Kacific fills a gap in the APAC region. It serves countries as large as Papua New Guinea and as small as the Kiribati islands. State owned shipping fleets can utilise Kacific’s product offerings, as can very small, remote, individual operations. Kacific services can be scaled up or down to fit the needs of a business while allowing the ability to grow with a business or country. With the international sector modernising their fleets and approaches to business, ports in the Pacific need to remain up-to-date with the latest offerings in terms of technology and internet connection.
Ports in neighbouring islands, if all using Kacific as a broadband provider, can link together and create a shared network. This would enable them to easily share information as well as internet bandwidth, getting the best value for their money.
A 2021 report published by the International Monetary Fund found that Pacific governments’ struggle to know exactly how to tune their economies because of the lack of high-quality economic data. With most goods being brought in by ship, a connection between the ports and government is essential to transmit high-quality import and export data. With greater connectivity, regions will be able to develop faster and offer more to their inhabitants.
Improved management at Ifira Port Development
In Vanuatu, internet service provider 3 Link is a distributor of Kacific’s Gigstarter. 3Link’s services are leading to greater connectivity between the ports, buyers, sellers, logistics groups and the local government.
With services from 3Link, the Ifira Ports Development and Services on Ifira Island, which lies off the coast of Efate Island in Vanuatu, has benefited from Kacific’s reliable, high-speed satellite broadband.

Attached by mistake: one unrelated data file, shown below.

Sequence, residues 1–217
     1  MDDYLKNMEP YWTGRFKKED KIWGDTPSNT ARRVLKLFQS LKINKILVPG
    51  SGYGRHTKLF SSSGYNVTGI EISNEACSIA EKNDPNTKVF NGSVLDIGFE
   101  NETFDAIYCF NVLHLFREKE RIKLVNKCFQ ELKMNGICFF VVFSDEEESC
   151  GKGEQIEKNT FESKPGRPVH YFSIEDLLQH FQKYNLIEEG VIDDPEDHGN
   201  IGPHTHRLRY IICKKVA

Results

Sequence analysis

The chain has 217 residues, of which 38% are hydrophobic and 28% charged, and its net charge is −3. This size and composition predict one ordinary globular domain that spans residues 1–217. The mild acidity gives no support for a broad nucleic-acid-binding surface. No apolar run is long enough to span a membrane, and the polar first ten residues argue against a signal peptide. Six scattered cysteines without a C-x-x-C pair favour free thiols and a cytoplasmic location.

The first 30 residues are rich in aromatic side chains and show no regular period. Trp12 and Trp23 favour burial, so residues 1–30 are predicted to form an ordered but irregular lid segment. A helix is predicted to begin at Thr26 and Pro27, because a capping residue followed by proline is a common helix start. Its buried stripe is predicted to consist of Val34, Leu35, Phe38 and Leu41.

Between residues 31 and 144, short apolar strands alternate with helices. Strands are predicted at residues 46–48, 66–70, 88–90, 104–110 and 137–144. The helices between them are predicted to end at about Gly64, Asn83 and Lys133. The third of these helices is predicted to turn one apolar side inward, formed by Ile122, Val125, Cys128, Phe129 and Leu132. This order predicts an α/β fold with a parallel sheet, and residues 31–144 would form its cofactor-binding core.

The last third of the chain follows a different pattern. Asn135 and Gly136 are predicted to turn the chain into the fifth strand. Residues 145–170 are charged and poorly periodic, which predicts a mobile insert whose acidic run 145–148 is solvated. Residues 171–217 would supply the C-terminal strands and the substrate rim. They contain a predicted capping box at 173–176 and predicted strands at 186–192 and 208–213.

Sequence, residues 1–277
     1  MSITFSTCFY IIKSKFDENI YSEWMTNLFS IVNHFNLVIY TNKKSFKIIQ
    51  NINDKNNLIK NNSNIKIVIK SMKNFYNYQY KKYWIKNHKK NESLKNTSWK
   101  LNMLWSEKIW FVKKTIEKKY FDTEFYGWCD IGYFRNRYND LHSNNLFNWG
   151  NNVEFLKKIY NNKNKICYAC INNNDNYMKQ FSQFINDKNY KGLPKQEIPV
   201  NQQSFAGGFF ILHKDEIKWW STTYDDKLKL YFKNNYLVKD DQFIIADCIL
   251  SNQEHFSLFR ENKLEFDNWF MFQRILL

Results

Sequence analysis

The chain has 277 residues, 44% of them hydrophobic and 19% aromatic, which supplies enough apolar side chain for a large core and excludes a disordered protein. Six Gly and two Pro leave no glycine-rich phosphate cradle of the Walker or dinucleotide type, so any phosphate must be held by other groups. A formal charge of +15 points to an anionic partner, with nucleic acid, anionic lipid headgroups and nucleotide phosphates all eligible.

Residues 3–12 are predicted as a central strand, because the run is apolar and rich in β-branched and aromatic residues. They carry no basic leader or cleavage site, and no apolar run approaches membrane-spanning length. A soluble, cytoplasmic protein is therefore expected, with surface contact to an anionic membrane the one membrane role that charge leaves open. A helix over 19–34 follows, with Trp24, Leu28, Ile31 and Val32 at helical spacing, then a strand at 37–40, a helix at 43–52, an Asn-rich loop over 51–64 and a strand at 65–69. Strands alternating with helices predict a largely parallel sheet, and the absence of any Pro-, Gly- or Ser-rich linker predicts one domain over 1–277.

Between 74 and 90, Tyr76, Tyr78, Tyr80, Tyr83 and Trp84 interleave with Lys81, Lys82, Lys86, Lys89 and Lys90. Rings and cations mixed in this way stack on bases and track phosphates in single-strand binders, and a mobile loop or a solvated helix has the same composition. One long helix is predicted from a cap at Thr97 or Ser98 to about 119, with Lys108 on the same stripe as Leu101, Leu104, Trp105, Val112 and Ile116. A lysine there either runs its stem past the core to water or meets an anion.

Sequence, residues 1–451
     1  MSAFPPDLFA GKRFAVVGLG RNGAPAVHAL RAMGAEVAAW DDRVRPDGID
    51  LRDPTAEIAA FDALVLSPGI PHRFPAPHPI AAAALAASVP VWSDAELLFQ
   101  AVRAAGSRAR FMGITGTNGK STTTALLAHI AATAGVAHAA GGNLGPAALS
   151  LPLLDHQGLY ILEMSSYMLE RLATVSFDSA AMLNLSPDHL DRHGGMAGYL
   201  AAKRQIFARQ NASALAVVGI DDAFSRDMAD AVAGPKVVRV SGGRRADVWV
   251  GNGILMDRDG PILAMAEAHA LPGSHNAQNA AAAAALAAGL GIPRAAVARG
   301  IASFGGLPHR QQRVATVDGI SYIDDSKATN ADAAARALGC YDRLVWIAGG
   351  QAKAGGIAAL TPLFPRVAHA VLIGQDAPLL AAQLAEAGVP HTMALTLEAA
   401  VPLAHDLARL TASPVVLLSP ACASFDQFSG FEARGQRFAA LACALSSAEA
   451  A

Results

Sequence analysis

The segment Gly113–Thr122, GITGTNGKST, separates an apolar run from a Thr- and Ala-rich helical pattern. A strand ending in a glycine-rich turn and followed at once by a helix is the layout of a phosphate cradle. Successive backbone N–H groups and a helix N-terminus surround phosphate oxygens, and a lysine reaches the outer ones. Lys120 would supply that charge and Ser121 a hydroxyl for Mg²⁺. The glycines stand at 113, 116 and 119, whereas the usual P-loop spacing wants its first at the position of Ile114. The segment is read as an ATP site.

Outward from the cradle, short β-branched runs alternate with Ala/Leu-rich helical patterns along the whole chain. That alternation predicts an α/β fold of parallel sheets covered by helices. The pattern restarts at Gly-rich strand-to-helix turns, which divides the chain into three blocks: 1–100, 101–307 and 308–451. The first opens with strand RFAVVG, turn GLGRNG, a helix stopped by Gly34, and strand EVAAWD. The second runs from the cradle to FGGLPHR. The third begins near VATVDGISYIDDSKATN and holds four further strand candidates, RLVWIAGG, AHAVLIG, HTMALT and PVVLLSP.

The port is using Kacific’s Gigstarter 7-user plan as a backup internet connection to align with the Prime Minister’s directive for maritime safety, and to have VSAT connectivity in smaller vessels. This resulted in better connectivity to support better communications and digital solutions, which in turn lead to more efficient export logistics management and better fleet management. The port can now collect better data on products moving through it. Alongside this, the internet access supports better training for workers and faster communications, both which enhance the health and safety at the site.
The Ifira Ports Development and Services on Ifira Island
With help from Kacific’s satellite broadband, ports and the shipping industry can upgrade their infrastructure for better communications and take advantage of digital transformation. Satellite broadband not only provides a connection to the internet, but it provides an essential building-block for further economic growth and prosperity. It opens more doors with the rest of the world. It allows access to a variety of digital infrastructure and life-improving technologies. Ultimately, better connections, offered by Kacific, will work to further bring Pacific nations onto the global stage.
Kacific is a next-generation broadband satellite operator providing universal, fast, high-quality broadband at an affordable cost to rural and suburban areas across 25 regions of the Pacific and South East Asia.
Kacific works with local partners and distributors in each region, offering a range of prepaid high-speed unlimited data plans. Plans of up to 40Mbps start from USD$200 per month, with bigger plans up to 100Mbps starting from USD$600 per month. The satellite terminal kits are a one-time fee which start from USD$560.